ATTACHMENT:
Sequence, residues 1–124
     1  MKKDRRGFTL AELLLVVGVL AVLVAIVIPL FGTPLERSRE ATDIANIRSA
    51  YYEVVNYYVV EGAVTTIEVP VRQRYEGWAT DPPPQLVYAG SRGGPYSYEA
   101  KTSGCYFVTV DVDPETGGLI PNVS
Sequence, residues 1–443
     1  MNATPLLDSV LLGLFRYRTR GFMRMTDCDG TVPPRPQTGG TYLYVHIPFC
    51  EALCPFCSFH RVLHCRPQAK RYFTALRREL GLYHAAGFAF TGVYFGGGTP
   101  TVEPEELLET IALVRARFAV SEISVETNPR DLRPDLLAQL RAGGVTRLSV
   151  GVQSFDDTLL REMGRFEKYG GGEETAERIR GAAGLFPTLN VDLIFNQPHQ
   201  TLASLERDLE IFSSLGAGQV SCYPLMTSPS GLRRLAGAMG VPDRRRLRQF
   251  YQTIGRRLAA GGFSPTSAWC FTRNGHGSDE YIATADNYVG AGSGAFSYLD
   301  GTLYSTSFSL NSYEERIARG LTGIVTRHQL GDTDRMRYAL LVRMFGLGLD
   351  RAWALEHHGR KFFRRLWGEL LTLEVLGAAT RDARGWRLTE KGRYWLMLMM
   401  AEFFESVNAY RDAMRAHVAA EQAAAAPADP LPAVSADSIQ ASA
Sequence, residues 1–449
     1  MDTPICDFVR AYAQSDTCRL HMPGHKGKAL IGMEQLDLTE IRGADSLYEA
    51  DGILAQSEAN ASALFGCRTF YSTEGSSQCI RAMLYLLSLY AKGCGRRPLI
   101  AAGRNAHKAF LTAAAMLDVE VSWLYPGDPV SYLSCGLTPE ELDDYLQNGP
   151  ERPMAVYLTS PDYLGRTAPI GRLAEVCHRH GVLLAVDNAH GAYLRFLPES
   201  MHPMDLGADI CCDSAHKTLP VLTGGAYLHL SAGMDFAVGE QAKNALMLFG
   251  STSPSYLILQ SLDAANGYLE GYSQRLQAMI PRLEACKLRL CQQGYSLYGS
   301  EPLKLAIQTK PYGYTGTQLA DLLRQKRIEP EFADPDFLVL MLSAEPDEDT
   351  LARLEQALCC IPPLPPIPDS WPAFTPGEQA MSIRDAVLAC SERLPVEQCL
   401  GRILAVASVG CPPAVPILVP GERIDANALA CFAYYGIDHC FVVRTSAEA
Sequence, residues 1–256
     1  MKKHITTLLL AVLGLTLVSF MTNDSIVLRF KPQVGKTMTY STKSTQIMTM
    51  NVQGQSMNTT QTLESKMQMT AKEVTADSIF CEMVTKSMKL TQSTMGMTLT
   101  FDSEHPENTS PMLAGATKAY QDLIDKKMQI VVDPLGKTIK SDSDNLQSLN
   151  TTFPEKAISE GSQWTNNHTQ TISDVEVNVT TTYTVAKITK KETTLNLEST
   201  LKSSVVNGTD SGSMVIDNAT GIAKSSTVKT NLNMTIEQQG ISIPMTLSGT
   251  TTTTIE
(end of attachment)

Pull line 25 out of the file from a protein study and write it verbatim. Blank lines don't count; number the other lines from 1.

Sequence, residues 1–256